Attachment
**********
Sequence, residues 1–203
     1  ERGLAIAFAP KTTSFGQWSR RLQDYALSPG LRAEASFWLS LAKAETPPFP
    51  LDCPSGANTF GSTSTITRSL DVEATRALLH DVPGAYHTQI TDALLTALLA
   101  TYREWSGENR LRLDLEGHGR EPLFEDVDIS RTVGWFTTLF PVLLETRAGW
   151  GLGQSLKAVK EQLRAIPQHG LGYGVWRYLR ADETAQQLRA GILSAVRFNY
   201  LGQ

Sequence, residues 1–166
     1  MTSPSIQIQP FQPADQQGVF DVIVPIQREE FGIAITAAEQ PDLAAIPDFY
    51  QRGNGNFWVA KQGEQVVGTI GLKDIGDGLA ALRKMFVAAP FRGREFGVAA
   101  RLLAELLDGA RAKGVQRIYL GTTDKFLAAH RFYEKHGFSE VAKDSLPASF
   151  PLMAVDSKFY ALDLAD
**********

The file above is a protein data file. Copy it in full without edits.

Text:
Sequence, residues 1–203
     1  ERGLAIAFAP KTTSFGQWSR RLQDYALSPG LRAEASFWLS LAKAETPPFP
    51  LDCPSGANTF GSTSTITRSL DVEATRALLH DVPGAYHTQI TDALLTALLA
   101  TYREWSGENR LRLDLEGHGR EPLFEDVDIS RTVGWFTTLF PVLLETRAGW
   151  GLGQSLKAVK EQLRAIPQHG LGYGVWRYLR ADETAQQLRA GILSAVRFNY
   201  LGQ

Sequence, residues 1–166
     1  MTSPSIQIQP FQPADQQGVF DVIVPIQREE FGIAITAAEQ PDLAAIPDFY
    51  QRGNGNFWVA KQGEQVVGTI GLKDIGDGLA ALRKMFVAAP FRGREFGVAA
   101  RLLAELLDGA RAKGVQRIYL GTTDKFLAAH RFYEKHGFSE VAKDSLPASF
   151  PLMAVDSKFY ALDLAD